|Publication number||US6545677 B2|
|Application number||US 09/845,781|
|Publication date||Apr 8, 2003|
|Filing date||Apr 30, 2001|
|Priority date||May 21, 1999|
|Also published as||US6226007, US20010048434, WO2000072271A1, WO2000072271A9|
|Publication number||09845781, 845781, US 6545677 B2, US 6545677B2, US-B2-6545677, US6545677 B2, US6545677B2|
|Inventors||Russell A. Brown|
|Original Assignee||Sun Microsystems, Inc.|
|Export Citation||BiBTeX, EndNote, RefMan|
|Patent Citations (5), Non-Patent Citations (9), Referenced by (53), Classifications (4), Legal Events (3)|
|External Links: USPTO, USPTO Assignment, Espacenet|
This a continuation of application Ser. No. 09/316,335 filed May 21, 1999 now U.S. Pat. No. 6,226,007.
The invention relates to a method and an apparatus for modeling the specular reflection of light from a surface.
Computer generated images are created from models of objects. It is desirable that the object depicted in a computer generated image resemble the real object to the maximum extent possible. In some instances, the real object specularly reflects light. That is, when viewed at one or more angles, the object reflects light directly from a light source to the viewer. This specularly reflected light appears as a shiny area on the surface of the object.
As an example, when light is projected onto the outer waxy surface of an apple, at one or more angles the light is directly reflected from a source to the viewer and appears as a shiny spot on the apple. In order to graphically portray the image of an apple, it is desirable to display the “shiny spot” on the image of the apple which one would see if viewing the apple in real life.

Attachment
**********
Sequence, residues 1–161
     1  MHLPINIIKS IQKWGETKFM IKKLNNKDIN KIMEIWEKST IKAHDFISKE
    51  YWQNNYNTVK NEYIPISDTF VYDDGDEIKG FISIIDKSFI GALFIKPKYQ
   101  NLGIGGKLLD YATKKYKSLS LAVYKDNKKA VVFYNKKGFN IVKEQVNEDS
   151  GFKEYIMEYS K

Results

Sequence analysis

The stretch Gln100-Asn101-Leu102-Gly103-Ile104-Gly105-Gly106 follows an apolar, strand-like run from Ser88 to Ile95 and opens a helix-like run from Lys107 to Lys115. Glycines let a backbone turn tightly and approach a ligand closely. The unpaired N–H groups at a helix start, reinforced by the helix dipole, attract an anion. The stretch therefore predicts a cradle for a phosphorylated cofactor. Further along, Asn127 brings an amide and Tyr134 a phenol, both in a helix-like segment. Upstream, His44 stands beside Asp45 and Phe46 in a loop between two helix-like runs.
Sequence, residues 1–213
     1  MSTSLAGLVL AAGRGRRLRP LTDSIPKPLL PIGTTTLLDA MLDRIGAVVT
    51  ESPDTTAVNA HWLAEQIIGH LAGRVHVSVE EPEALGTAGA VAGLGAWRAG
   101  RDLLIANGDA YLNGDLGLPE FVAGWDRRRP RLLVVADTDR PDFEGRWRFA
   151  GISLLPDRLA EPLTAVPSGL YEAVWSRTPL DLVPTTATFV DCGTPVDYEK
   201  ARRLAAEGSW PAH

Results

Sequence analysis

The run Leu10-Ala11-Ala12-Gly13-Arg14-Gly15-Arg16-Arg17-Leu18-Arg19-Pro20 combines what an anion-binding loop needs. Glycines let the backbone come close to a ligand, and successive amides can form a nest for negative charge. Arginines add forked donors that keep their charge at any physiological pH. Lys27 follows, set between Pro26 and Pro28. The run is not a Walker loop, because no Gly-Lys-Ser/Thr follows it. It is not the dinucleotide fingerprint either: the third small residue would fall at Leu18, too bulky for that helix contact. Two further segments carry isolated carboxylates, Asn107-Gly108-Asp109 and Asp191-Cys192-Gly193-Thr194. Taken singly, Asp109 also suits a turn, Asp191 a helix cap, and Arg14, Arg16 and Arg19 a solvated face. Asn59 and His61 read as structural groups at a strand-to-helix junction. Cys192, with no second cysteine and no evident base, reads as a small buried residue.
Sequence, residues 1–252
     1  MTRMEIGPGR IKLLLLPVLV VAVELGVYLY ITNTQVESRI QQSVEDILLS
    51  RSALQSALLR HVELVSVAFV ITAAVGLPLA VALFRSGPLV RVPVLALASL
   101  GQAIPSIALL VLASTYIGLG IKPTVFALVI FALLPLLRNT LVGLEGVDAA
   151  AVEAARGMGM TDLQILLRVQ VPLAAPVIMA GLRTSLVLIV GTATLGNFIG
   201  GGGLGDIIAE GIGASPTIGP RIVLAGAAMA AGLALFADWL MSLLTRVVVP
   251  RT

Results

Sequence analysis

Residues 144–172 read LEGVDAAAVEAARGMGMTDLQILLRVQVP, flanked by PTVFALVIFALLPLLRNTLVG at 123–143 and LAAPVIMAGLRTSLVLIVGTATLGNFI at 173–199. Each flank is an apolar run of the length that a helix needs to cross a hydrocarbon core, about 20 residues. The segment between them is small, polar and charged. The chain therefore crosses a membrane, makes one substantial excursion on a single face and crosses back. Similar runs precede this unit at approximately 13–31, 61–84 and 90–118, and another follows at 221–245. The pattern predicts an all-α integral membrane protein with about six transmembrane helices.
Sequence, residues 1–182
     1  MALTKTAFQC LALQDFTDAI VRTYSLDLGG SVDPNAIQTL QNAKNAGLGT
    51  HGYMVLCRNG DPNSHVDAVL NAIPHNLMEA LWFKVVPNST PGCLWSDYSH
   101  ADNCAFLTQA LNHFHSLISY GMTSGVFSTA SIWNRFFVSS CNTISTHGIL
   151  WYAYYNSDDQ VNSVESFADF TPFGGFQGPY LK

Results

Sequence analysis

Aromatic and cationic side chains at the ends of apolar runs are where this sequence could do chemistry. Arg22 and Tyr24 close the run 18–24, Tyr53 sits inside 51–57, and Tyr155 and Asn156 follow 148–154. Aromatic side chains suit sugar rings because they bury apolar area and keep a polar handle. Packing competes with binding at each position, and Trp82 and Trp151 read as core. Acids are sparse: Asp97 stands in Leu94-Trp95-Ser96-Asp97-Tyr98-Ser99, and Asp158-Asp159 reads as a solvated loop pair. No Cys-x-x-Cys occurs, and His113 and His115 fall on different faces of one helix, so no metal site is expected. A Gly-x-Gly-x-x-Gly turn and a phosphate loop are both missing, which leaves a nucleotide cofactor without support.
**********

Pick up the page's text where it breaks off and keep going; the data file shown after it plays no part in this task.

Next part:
One method for modeling the specular reflection associated with an object is to utilize a modified version of Gouraud shading. This method will be described with reference to FIG. 1.
First, the surface to be imaged is divided into a number of polygons, such as triangles, the polygons having common vertices. Vectors normal to the surface N1, N2, N3 are calculated at each vertex V1, V2, V3. Using these normal vectors, the light intensity I1, I2, I3 at each vertex V1, V2, V3 is calculated with a light intensity equation. One such equation which accounts for the light intensity from ambient, diffuse and specular components is the equation I=Ia*ka+Ii*[kd(L·N)+ks(R·V)n].
In this equation, Ia*ka represents the ambient light intensity component and kd(L·N) is the diffuse light intensity component. These components, while not necessary to the calculation of the specularly reflected light component, are instrumental in generating an image which accounts for light which impinges on the object from a variety of sources (the ambient component) and the light which impinges on the object from a particular source and is diffusely reflected (the diffuse component). In this portion of the equation, the ambient intensity component is dependent upon the ambient light intensity Ia, while the diffuse component is dependent upon the intensity Ii of a particular light source. The term ks(R·V)n is the specularly reflected light intensity component, which is also dependent upon the light source intensity Ii.